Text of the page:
The most common example of this right now is images and gifs. This is where a person will digitize something like a GIF , into a token, and then send it to the highest bidder. This token is linked to your address, and allows you to prove that you are the owner. If you’ve ever played a card game, like Pokemon or Magic the Gathering, imagine digitizing those cards and then selling them on the internet. There’s already a company doing this, Gods-Unchained, where all cards are represented as NFT’s, that can be easily created and resold or used to play the game.

The one you’ve probably heard about is artwork. This operates kind of like regular paintings. The Mona Lisa is a beautiful painting, and anybody can take a picture of it and reproduce it. However, at the end of the day someone owns it, and proving you are the owner means you can do things like reselling it and lending it to museums. There are art galleries right now finding ways to display these NFT’s to the viewing public, while crediting their owner and creator.

There are also many non-art related applications too. Because NFT’s can be used to represent any real world asset, that is unique and non-reproducible, you could:
  1. Digitize a land ownership registry for your city and all the Deeds to property. When you sell your house you simply send the NFT to the new owner and it allows them to prove they are the owner of the property, cutting out the middleman.

  2. Create a system for concert tickets, where when you buy one on Ticketmaster it’s an NFT sent to your phone and easily-sellable from anywhere with proof of authenticity.

  3. Digitize domain names and web addresses allowing them to be sold as NFT’s, etc.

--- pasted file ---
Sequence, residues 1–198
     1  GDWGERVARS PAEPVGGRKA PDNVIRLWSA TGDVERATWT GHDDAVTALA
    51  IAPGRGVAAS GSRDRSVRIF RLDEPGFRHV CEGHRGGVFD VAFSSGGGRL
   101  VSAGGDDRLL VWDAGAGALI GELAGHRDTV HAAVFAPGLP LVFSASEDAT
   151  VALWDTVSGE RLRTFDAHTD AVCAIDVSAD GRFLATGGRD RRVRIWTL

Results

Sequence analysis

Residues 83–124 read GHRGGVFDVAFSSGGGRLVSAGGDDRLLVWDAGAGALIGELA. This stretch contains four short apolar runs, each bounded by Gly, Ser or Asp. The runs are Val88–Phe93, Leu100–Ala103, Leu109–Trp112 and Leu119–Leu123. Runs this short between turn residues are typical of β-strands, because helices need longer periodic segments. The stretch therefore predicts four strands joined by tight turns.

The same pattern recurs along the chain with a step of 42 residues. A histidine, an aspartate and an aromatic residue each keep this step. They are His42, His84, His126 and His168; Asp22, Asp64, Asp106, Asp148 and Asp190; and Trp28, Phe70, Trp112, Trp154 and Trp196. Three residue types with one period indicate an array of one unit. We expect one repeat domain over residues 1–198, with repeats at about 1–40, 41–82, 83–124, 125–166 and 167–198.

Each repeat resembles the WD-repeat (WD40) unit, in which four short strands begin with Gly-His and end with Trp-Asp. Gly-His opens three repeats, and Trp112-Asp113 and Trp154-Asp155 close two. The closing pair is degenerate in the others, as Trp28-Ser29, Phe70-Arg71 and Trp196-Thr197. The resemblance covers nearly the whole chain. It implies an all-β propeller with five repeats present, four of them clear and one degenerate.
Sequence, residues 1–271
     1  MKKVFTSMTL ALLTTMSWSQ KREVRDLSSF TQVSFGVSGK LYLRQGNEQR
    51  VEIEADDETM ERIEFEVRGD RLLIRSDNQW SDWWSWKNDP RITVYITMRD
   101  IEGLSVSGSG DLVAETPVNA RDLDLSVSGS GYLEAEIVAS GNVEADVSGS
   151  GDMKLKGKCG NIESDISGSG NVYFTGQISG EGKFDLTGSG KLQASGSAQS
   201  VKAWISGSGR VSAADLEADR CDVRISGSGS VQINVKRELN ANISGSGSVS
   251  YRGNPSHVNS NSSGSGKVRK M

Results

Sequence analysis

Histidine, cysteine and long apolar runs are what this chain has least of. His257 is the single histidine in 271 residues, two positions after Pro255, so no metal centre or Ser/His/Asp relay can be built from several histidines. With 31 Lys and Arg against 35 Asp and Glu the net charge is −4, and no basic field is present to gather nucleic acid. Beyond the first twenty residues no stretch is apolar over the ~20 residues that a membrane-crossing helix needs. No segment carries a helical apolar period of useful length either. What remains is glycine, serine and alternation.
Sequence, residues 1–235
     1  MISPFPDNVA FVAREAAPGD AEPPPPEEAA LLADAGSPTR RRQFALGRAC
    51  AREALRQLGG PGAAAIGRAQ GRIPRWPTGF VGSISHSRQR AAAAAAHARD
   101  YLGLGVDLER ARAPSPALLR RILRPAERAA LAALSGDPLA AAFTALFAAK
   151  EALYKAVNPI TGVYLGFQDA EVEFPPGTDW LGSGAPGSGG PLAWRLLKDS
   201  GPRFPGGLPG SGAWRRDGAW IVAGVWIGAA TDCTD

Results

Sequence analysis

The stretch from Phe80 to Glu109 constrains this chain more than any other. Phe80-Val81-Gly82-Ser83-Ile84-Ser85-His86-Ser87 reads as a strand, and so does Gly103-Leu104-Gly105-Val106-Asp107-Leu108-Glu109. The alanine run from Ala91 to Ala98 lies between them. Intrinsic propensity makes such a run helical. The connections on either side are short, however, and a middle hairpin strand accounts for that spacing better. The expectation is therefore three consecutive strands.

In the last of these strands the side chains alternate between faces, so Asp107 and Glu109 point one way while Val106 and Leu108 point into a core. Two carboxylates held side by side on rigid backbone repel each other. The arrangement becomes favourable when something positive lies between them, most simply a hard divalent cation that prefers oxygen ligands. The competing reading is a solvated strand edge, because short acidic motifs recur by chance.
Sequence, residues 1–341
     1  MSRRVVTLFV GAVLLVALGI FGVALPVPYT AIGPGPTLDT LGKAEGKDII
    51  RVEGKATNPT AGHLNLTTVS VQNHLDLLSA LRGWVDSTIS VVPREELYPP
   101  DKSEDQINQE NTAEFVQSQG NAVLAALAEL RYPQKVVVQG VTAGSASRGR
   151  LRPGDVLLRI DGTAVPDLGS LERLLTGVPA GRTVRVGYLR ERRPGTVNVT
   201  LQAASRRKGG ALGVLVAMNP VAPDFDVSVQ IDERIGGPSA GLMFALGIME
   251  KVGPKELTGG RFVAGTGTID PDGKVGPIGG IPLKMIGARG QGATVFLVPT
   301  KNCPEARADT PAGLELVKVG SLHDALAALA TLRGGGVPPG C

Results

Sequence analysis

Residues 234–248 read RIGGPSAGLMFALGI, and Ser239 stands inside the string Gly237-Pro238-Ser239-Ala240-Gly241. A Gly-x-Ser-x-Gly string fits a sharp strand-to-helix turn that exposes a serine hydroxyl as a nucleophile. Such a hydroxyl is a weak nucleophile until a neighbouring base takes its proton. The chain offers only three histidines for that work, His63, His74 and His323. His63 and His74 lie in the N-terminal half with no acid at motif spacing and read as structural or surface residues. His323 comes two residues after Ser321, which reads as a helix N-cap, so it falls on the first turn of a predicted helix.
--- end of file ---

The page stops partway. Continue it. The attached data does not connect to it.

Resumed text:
The list goes on, but investing in these is like buying art. Some of them have value, based on what they are and who created them, and a lot of them are junk. Filtering through and finding which has value is a skill in its own right,and incurs a very high amount of risk. However, if you know what you’re doing, you can make a lot of money. Just be careful. Just because the third string wide receiver for your favorite football team is releasing one, doesn’t mean you should buy it.


I covered this a bit above, but I want to talk a little bit more about safe ICO investing. ICO scams and rug-pulls are an unfortunate part of the Cryptocurrency world, and identifying them is important. Just like some IPOs, they can be cheap and part of a high-risk high-reward strategy, except they’re not vetted by an exchange. Investing in these requires extra due-diligence beyond the normal coins.

  1. Read the whitepaper thoroughly. Is it laying out a long term vision for growth, innovation, and divestment for early backers?

  2. Is it incorporated, and if so, where? US and EU laws consider Crypto Securities, so if something happens can someone go after them for fraud?

  3. What are the tokenomics? Is the supply in the millions, billions or more? Is inflation a real threat, or is it deflationary?

  4. Are the core developers listed by name and identifiable in the real world?

  5. Can I buy it with a credit card or major financial service, or do I just have to send them cryptocurrency?
    1. Buying an ICO by sending them Cryptocurrency is a totally valid way of funding, but is always a way for them to leave you holding the bag if you don’t do your due-diligence.

    2. The ability to buy on things like Coinbase-Affiliate Program, or through major financial instruments like Credit Cards and ACH transfers adds to its credibility. Who else is backing this, and are major Crypto outlets taking it seriously? Do your thorough research and you won’t have problems avoiding scams.